This fence had replaced a chain-link fence, which my friends and I had dissected over the years. During the last two play seasons (April and August during the school holidays), Musa, a teenage boy from the neighborhood had developed a new technique for manufacturing his wire toy-cars. While hip-high bamboo steering wheels and plastic mudguards were standard, Musa’s heavy duty cars were said to be able to carry 1 kg packets of Maize flour, and were obtainable at the unbeatable price of 30 bob, provided one brought his/her own raw materials. Straightened wires from chain-link fences in the neighbourhood were preferred. Musa then slit bicycle tubes from questionable sources into rubber bands, which he used to make the tires and to tie the car frame, interior and fittings together. Nobody realized that the chain link fence was gone until the bushes that covered it caved in. Meanwhile, going to the Shops to get maize flour had never been more exciting.
The intruders had long since found their ways around the wooden fence: they were brazen enough to come in through the gate. The red, wrought-iron Gate was flanked by a roofless watchman’s house and stood on slanting wrought-iron pillars.
The chokora mapipa (street kids), curtly called machokosh on the streets, were courteous enough to close the gate as they went in, inconspicuous in their rummaging around in the plot’s trash bins for anything that looked like plastic, ignorant of the flies that frenzied around them, and dutiful in their wielding of gunias (sacks) full of plastics onto their backs on their way out. Occasionally, a house help from one of the houses gave them a packed lunch of leftovers in a tin of Kimbo to eat, hurriedly placing the tin near them and scurrying off, stifling a giggle while the other house helps watched from the windows of the flats they worked in. The unspoken consensus was that the machokosh, despite their stench, were harmless and were therefore tolerated from safe distances. All the house helps would call in the children they were entrusted with when the distinct squeak of the gate was followed by a sack lugging chokosh and only release them to continue playing when a second squeak announced the departure of the said chokosh.
The robbers also found their way in. Like the machokosh, through the gate. Unlike them, at night, and they were less interested in the trash, and much more in the blue Audi saloon that was always parked at the far left corner of the yard. KPLC (Kenya Power and Lighting Company), having conspired to let us sit in the dark for a few hours every Tuesday and Thursday night, offered them a great opportunity to sneak in. Even the gate, which normally would squeak when opened, did not squeak that night. It is still a matter of contention as to whether or not the robbers lubricated it beforehand.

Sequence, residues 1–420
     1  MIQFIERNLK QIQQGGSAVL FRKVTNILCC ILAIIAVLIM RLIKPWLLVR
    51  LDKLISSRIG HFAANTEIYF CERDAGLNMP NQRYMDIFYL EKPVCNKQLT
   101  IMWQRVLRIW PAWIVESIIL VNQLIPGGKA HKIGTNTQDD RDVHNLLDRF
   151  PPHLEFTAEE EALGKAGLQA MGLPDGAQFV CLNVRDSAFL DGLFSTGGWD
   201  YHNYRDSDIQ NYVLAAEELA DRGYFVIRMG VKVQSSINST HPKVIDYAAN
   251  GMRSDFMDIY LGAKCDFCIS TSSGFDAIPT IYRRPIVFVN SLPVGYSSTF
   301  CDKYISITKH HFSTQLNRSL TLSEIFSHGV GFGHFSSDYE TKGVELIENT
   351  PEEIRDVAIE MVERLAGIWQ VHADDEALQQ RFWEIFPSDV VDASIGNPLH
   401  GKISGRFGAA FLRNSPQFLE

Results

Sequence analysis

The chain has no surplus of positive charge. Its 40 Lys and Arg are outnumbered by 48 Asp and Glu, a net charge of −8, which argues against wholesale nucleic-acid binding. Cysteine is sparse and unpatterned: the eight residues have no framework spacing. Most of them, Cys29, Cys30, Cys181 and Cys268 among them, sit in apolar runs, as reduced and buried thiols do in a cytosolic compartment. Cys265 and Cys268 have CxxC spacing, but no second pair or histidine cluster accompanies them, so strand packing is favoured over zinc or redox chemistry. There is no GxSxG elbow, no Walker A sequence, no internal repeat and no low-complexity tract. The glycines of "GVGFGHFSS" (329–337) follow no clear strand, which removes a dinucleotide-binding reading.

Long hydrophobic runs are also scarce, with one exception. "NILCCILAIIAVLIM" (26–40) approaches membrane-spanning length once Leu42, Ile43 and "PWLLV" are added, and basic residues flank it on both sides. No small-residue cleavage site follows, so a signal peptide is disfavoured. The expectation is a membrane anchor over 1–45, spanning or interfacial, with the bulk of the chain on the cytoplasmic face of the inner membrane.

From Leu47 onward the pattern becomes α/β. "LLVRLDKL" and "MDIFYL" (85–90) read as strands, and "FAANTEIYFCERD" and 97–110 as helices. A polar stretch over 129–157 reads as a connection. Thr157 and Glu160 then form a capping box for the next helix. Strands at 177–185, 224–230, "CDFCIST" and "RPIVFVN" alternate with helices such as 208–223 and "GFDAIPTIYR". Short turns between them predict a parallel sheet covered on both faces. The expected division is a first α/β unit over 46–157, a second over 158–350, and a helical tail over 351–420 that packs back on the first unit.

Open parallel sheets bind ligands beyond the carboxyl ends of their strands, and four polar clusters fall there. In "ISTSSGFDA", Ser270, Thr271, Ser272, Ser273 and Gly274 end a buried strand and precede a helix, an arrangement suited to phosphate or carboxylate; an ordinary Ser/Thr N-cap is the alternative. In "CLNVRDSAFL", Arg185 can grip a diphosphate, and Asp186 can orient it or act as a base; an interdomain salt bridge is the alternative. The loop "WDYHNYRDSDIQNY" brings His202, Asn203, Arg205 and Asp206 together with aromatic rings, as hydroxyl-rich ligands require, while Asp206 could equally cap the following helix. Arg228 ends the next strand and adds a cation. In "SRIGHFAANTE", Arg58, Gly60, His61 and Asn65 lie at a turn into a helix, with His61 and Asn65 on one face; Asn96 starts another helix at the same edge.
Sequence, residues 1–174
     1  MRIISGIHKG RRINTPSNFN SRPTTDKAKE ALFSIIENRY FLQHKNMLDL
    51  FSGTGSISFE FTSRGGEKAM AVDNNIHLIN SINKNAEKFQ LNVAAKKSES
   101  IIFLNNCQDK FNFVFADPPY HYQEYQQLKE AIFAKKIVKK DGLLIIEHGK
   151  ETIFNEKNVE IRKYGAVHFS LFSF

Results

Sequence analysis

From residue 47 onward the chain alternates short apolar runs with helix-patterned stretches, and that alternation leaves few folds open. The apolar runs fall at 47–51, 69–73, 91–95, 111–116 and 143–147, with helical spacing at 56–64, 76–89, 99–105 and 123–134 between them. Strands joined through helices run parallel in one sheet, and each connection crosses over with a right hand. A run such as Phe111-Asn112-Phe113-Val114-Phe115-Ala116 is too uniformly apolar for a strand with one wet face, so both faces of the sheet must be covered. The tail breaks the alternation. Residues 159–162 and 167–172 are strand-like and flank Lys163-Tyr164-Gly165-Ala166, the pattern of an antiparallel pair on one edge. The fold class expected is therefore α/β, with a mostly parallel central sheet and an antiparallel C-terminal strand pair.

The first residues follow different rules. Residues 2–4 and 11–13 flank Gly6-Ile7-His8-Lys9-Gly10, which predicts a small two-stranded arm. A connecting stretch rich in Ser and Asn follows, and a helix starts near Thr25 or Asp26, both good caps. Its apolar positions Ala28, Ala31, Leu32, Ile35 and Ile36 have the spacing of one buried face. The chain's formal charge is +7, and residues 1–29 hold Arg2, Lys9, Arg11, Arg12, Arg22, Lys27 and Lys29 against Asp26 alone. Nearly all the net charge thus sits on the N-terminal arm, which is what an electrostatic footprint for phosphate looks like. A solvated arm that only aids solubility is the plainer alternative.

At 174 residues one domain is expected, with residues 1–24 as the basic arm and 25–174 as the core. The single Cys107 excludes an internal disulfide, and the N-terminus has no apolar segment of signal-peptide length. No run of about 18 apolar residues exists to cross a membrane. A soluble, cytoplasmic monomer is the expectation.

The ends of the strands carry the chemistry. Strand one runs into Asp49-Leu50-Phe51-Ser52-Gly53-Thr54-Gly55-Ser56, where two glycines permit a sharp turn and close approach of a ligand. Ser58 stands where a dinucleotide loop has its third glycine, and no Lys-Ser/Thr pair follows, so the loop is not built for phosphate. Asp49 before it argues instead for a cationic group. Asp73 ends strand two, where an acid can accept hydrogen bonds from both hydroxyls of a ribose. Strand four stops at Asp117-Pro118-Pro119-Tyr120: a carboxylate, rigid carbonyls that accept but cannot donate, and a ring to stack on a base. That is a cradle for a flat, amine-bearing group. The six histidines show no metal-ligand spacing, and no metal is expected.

The pastor who lived in the ground floor flat in front of which the Audi was parked, swore he had a revelation that compelled him to look outside his bedroom, upon which he spotted the gang and raised alarm. By the grace of God he was still alive, never mind that the “gun toting gangsters” were not toting anything. The theft was botched and God thanked. Five years on, a self- proclaimed bishop, he was still giving this testimony, to the delight of his growing congregation at Praise International Ministries, some of whom had been attracted by this very testimony.
The second thing I learned to climb was a wall. It was more challenging than climbing the wooden fence, and more dangerous. Over two metres high, there was no getting over the wall without assistance. Friends’ shoulders and heads served well at the beginning, until we learned how to hug the wooden mast that hoisted the telephone wires and wriggle our way up, to the delight of our onlooking friends.
Playing on this wall was dangerous. At the top, it was lined with broken glass: bottles of Stoney Tangawizi, Coke and Sprite had been destroyed specifically for this purpose. Within a month, we had knocked off the glass over a stretch of a metre, so that two of us could stand side by side on top of the fence. Our newspaper jets flew even farther. We jumped down from the wall with open umbrellas hoping to glide, and when that failed, we tied stones to rectangular plastic bags, crumpled them together, then threw them from the wall and watched them glide as they descended, imagining ourselves as the stones. It was a blissful childhood, within the walls.
Outside the walls, our parents required us to walk to school in as straight a line as possible; no unnecessary turns, no stops to play, no stealing guavas over the hedge from a neighbour’s tree – and woe unto us if we talked to a strangers. Rogue drivers and crossing roads were the least of our parents’ worries. It was the thuggery “out there” that they were worried about: the kidnappers, thieves and what not. Soon, we had a carpool with our next door neighbour’s kids, and the following year, my school bought a bus whose services we were enlisted to.
We were picked up and dropped off every morning and evening respectively, each child was handed to a waiting brother, sister, house help or parent personally by the driver. If the brother, sister, house help or parent was late, the engine was put off and one of the older pupils was shown where the child in question lived. He was then duly instructed to deliver the child to his/her doorstep. Only then did the engine come on again.